LOS ANGELES, Calif. (Ivanhoe Newswire) – You heard it takes a village to raise a child. Well, in one little girl’s case, it took the right team of doctors, at the right time, with the right treatment to save her life.
Four-year-old Michelle Lowry is all about learning her letters.
And her numbers, but her parents didn’t know if they could count on seeing this day. What they thought was a tiny bug bite on Michelle’s neck turned out to be a tumor.
“It’s just pure terror and fear and the unknown,” Joe Lowry said.
After a battery of tests … doctors at Children’s Hospital Los Angeles diagnosed Michelle with a soft tissue sarcoma.
“It was all the way almost around her neck,” Christina Lowry described.
Because of the location, surgery and radiation were ruled out. Doctors used a new precise cancer panel called OncoKids to read Michelle’s DNA and RNA. The panel revealed Michelle would be a perfect candidate for a targeted new drug, Larotrectinib. Doctors worked fast to get Michelle in a new clinical trial.
“She was getting worse by the moment,” Christina Lowry said.
An investigational pharmacist raced in to prepare the twice-daily doses. And within 24 hours of her first dose, Michelle’s tumor had shrunk.
Jaclyn Biegel, PhD, FACMG, director of the Center for Personalized Medicine at Children’s Hospital Los Angeles said, “She went from being in really extreme situation to out of the ICU and off the floor and home in a couple of days.”
Two months later, her tumor had shrunk by 60 percent. Two years later, the tumor is undetectable.
“We look at her and we think we’re lucky; we’re blessed,” Joe Lowry said.
Blessed for the oncologists, radiologists, pathologists, pharmacists and lab techs who saved this little girl’s life.
Based on other positive outcomes like Michelle’s, the FDA granted accelerated approval of Larotrectinib. OncoKids is the first cancer panel designed specifically for children’s cancers and can detect genetic alterations for pediatric cancers including leukemias, solid tumors, sarcomas and brain tumors.
Contributors to this news report include: Marsha Lewis, Producer; Rusty Reed, Videographer; Ken Ashe, Editor.
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TOPIC: THE RIGHT TEAM, TIMING AND TREATMENT SAVE MICHELLE
REPORT: MB #4715
BACKGROUND: Childhood soft tissue sarcoma occurs when cancer cells form in soft tissues of the body. Though it occurs in adults as well, having certain diseases and inherited disorders can increase the risk of it occurring in childhood. The most common sign of childhood soft tissue sarcoma is a painless lump or swelling in soft tissue of the body. If tests show there may be a soft tissue sarcoma, a biopsy is done. There are many classifications such as fat tissue tumor, skeletal muscle tumor, nerve sheath tumor, etc. Certain factors affect available treatment options and the patients’ chance of recovery. Diagnostic tests include physical exam, X-rays, MRI or magnetic resonance imaging, CAT scan, and/or ultrasound exam. Treatment options will vary and may cause side effects. Standard treatment includes but is not limited to drug therapy, surgery, chemotherapy, targeted therapy, immunotherapy, and observation.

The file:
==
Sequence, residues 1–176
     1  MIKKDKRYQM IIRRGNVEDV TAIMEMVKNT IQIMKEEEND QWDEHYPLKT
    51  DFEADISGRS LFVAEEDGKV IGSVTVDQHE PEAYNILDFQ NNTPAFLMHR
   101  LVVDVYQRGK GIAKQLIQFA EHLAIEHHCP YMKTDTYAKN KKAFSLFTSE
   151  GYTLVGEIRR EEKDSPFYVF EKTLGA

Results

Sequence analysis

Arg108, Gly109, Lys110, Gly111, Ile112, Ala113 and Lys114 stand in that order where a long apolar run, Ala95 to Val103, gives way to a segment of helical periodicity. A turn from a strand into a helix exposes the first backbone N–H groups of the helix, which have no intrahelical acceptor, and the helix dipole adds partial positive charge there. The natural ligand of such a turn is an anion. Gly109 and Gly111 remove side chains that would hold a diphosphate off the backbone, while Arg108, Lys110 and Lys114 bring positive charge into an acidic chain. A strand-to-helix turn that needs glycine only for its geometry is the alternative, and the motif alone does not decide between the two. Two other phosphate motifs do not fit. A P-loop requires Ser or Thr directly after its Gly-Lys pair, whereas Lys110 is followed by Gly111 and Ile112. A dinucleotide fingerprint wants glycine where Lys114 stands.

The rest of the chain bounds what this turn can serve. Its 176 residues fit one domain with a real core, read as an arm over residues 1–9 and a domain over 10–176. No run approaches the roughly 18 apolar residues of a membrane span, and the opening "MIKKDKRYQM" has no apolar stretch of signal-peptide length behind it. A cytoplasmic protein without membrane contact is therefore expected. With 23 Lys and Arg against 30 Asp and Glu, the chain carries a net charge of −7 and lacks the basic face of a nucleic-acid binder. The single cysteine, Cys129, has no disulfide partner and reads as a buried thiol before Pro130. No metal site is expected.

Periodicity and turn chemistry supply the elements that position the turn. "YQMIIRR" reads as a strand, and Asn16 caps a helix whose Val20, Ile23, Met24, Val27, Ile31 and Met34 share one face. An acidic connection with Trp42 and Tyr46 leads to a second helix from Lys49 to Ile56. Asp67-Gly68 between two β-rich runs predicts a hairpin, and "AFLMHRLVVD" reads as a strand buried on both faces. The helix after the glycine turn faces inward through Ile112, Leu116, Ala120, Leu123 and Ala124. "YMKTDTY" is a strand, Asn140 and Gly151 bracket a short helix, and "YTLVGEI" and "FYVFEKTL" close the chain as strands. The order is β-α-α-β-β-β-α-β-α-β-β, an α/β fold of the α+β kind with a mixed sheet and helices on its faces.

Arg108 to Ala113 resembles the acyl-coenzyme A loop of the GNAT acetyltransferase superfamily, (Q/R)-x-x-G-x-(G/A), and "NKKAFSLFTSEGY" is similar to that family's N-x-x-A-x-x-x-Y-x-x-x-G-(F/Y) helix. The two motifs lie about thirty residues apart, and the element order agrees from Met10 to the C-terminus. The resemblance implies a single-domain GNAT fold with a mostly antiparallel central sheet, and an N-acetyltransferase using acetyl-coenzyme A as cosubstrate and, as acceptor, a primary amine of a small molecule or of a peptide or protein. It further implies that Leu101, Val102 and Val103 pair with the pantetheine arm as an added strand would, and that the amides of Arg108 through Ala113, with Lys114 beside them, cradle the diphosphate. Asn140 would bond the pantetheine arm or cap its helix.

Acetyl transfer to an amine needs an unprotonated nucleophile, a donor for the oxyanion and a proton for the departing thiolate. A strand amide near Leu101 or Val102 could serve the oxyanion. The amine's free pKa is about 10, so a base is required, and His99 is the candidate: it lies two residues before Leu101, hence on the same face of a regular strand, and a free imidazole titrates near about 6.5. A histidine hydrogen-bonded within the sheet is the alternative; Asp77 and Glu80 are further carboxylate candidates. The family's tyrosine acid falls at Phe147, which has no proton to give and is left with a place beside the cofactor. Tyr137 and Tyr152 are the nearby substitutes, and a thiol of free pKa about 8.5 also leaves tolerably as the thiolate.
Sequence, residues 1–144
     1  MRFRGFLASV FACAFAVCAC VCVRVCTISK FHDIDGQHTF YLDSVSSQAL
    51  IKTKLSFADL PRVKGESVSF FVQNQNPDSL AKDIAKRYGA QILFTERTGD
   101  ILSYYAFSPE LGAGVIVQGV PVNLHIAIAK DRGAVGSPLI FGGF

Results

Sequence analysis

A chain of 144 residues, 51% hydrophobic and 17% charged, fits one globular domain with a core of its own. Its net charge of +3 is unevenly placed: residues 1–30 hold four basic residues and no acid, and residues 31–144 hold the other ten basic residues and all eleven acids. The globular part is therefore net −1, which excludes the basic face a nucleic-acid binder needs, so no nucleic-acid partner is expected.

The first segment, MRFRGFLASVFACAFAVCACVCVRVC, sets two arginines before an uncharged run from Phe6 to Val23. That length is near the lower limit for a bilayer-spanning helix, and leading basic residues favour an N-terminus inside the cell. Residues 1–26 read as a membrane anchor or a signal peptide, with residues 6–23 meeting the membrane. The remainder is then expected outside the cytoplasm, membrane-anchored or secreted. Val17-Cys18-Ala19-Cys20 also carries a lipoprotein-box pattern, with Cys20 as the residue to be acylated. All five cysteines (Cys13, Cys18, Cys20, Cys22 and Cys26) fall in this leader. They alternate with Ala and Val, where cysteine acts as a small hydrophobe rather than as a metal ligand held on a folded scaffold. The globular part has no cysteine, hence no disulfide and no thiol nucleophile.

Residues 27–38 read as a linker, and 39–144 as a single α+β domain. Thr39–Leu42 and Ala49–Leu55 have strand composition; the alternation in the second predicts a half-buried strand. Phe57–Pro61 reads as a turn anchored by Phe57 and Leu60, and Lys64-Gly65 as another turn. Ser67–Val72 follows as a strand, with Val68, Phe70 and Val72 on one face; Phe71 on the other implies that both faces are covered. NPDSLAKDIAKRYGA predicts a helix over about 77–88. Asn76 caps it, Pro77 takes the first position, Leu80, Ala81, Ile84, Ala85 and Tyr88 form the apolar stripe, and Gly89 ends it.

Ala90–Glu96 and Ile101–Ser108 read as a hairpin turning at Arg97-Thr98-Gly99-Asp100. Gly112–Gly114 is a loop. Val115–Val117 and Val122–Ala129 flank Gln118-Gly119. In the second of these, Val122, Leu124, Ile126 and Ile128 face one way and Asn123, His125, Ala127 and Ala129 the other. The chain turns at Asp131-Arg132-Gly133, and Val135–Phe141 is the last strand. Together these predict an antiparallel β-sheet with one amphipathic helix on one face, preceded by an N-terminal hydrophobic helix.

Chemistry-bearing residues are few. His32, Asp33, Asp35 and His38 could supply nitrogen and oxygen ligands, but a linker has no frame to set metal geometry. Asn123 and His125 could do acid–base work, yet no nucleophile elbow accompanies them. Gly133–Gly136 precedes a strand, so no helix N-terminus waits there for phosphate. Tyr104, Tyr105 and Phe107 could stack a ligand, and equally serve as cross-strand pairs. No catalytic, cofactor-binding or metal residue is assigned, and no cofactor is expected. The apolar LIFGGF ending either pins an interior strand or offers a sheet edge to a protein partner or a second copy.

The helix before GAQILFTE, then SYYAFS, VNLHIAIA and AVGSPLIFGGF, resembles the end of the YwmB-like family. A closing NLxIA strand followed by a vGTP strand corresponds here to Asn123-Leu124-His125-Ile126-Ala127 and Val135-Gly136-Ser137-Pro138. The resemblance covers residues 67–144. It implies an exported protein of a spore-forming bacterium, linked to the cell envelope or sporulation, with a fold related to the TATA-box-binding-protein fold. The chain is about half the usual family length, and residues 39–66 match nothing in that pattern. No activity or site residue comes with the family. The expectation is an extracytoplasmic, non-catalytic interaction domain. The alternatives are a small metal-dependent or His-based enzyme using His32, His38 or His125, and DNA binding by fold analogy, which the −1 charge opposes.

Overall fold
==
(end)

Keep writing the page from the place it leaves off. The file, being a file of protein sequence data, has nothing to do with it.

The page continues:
“In children the tumors can arise in different parts of the body and they’re diagnosed based on what the cells look like and what the genetic alterations are. That’s true in adults as well, but the primary diagnosis for adults are based on the anatomic location – so breast cancer, prostate cancer, lung cancer, colon cancer. Children don’t typically get those cancers, those are rare, and those are what we call epithelial tumors. The changes that you see in those tumors as well as the drugs that you use to treat them are different. Children are not just little adults; they actually have different types of cancer. For example, they can withstand a lot more chemotherapy than adults can. They respond better to bone marrow transplant, they recover better, and so you have to take everything into account.” (Jaclyn A Biegel, PhD, FACMG)
ONCOKIDS: OncoKids is a targeted, next generation sequencing panel that includes both RNA and DNA content. It is used to diagnose children with all types of cancer, from leukemia to brain tumors and solid tumors. The test helps determine prognosis and potentially identify therapies for the patient. It is more comprehensive than the previous adult-focused panel, including content using these DNA and RNA targets for pediatric cancer, which develops differently from adult cancers. (Jaclyn A Biegel, PhD, FACMG)
LAROTRECTINIB: Larotrectinib is the second drug after Merck’s Keytruda to be approved as a “tissue-agnostic” drug by the FDA. This means it is not directed at cancers in specific organs, but rather at the cancers caused by particular genetic mutations (ideal for childhood soft tissue sarcomas.) Patients selected for consideration of this treatment are based on the presence of NTRK gene fusion in the tumor specimens. In clinical trials, identifying this positive gene fusion status was determined in local labs using NGS or fluorescence testing. The recommended dose is orally twice daily with food, dose size varying to the patient. Clinical trials evaluated both adults and pediatric patients with these tumors, and overall response rates were positive.
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